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Otoo’s main preoccupation is color, of objects and skin, but she also describes Berlin’s impatient reinvention. “The thought of skidding down the main and looking at things I could no longer afford, in shops I no longer frequented, run by people I no longer respected, didn’t appeal to me at all,” she writes. Gentrification feels like a personal betrayal. In Kate McNaughton’s novel How I Lose You (2018), a Berliner says, “I miss the ruins. They made you feel more free than all this money.” Each of the main characters in McNaughton’s novel knows a different Berlin, and it’s these varying cities which define them and their relationships to one another. Isherwood’s Berlin stories often feature adrift young people, but McNaughton gives her characters backstories which tie them to the place: The narrator, Eva, who was raised in England by a British father and a German mother, has an unexamined reluctance to visit. Her mother grew up in East Berlin under Communism, fleeing by boat and promising never to go back. Eva’s husband Adam, who dies at the beginning of the novel, lived and worked there in his youth. An unencumbered young British man like Isherwood, Adam is the only character able to see the city with a certain lightness, because he doesn’t have a personal stake in its history. This puts Eva’s relationship to the “dark, shadowy, hard to decipher” Berlin in starker relief. Mother and child, even husband and wife can talk about it and not realize they are discussing completely different places. “Berlin was changing too fast, with its building sites on every street corner, its general air of upheaval,” McNaughton writes. “What could be left of the city Adam discovered twenty years ago? What could be left of the city her mother had been exiled from thirty years ago?” How I Lose You is a book about grief that derives a thriller’s momentum from its characters’ competing experiences of Berlin. All these Berlins are real, and yet they seem mutually exclusive.

All these Berlins are real, and yet they seem mutually exclusive.

“That was the year to come to Berlin, 1977,” says Jed, the narrator of Darryl Pinckney’s Black Deutschland (2016). That’s a good joke — back when I moved here is the Berlin expat’s favorite conversation starter. Pinckney’s novel, about a recently sober black gay man who is explicitly following in Isherwood’s footsteps by moving from Chicago to Berlin in the late ’80s, is touching, dexterous, and deeply knowledgeable about the city, including its least sexy corners, like Siemensstadt and Dahlem. Jed comes to Berlin dreaming of a decadent expat life, but gets repeatedly cockblocked by his shyness and fragile sobriety. He falls for a hunky straight white engineer and then, finally, has an ecstatic affair with a black Frenchmen: “In the terrifying beginnings of the worldwide AIDS epidemic, Berlin had kept its Isherwood promises to me.” Like Otoo’s narrator, however, Jed finds that the racism he tried to flee has followed him. In 1962, James Baldwin wrote that “Negroes do not, strictly speaking, exist in any other” country besides America, but Pinckney’s narrator knows better. Clerks still keep an eye on him whenever he enters a store in Berlin: “If I wasn’t thinking I was special, then maybe I made the mistake of thinking Berlin was.” Still, the Wall comes down and Jed stays in the city, observing, “You could crawl into the disfigured city as into a shell. You could treat it either as an inhabited ruin or a blank space.” Jed is able to do what Isherwood couldn’t: he remains.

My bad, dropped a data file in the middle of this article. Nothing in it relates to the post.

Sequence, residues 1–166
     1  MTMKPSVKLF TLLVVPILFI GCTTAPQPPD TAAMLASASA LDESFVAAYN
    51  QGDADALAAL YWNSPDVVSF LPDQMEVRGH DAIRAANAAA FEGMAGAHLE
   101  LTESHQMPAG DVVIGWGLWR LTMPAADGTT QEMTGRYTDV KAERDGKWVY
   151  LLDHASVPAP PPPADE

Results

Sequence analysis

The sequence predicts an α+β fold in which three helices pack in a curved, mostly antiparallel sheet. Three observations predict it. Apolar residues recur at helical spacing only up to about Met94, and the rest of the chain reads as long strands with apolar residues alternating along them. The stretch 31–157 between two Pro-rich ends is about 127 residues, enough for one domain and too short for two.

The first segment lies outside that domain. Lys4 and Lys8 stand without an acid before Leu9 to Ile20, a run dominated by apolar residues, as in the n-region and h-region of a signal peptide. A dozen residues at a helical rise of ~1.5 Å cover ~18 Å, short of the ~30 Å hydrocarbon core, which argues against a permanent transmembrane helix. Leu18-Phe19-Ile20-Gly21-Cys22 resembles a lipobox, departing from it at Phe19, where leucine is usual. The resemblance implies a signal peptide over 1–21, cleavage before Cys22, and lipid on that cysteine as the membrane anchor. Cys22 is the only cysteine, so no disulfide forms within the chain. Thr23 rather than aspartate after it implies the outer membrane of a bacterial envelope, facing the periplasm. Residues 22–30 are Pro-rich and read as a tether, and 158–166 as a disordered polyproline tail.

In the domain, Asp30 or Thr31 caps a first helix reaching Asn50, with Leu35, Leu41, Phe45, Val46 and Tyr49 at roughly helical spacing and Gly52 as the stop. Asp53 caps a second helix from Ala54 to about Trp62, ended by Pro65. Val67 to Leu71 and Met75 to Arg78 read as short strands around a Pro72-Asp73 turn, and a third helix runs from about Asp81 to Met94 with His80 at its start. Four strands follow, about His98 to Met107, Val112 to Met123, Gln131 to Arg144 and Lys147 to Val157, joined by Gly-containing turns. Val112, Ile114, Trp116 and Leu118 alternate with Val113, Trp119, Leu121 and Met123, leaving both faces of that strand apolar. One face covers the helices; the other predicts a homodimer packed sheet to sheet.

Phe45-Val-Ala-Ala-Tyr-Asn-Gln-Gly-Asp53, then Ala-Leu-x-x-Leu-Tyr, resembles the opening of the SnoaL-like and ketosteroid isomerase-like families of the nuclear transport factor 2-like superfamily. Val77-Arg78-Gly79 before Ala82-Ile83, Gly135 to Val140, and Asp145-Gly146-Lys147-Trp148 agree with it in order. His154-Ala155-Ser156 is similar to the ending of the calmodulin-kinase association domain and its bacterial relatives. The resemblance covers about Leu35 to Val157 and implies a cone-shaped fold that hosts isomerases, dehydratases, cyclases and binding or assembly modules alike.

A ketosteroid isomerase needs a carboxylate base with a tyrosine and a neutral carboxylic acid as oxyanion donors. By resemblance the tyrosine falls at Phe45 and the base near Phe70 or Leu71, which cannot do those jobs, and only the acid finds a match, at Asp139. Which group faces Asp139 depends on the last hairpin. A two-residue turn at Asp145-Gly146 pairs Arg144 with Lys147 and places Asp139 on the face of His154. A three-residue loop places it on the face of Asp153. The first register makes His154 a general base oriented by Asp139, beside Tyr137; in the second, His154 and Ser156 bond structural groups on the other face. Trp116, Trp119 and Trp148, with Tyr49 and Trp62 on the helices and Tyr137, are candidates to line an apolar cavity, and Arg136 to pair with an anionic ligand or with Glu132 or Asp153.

People keep moving to the city from everywhere, the kind of people with the insight to see the place as it really is.

Usually, the expat novel ends when its protagonist leaves, having learned something about himself while abroad. Isherwood went back to England and eventually emigrated to the United States. In Synchronicity, How I Lose You, and Black Deutschland, however, the main characters all decide to take Berlin as an adopted home. “There was no there where I came from anymore,” Pinckney writes, and the other protagonists seem to agree. Even if the city stopped being cool in ’77, it continues changing rapidly, which is a comfort to the rootless exile. Today, Berlin’s ruins are almost all gone. Six days a week, bulldozers tear down the Soviet barracks, basketball court, and theater at Vogelsang; across from the Berlin Wall, Mercedes-Benz builds a brand-new square and names it after itself. Meanwhile, Syrians turn Sonnenallee into the new vibrant heart of Arab life in Europe. Clubs successfully fend off attempted takeovers by real estate speculators. People keep moving to the city from everywhere, the kind of people with the insight to see the place as it really is. Infinite Berlin tales are still waiting to be told.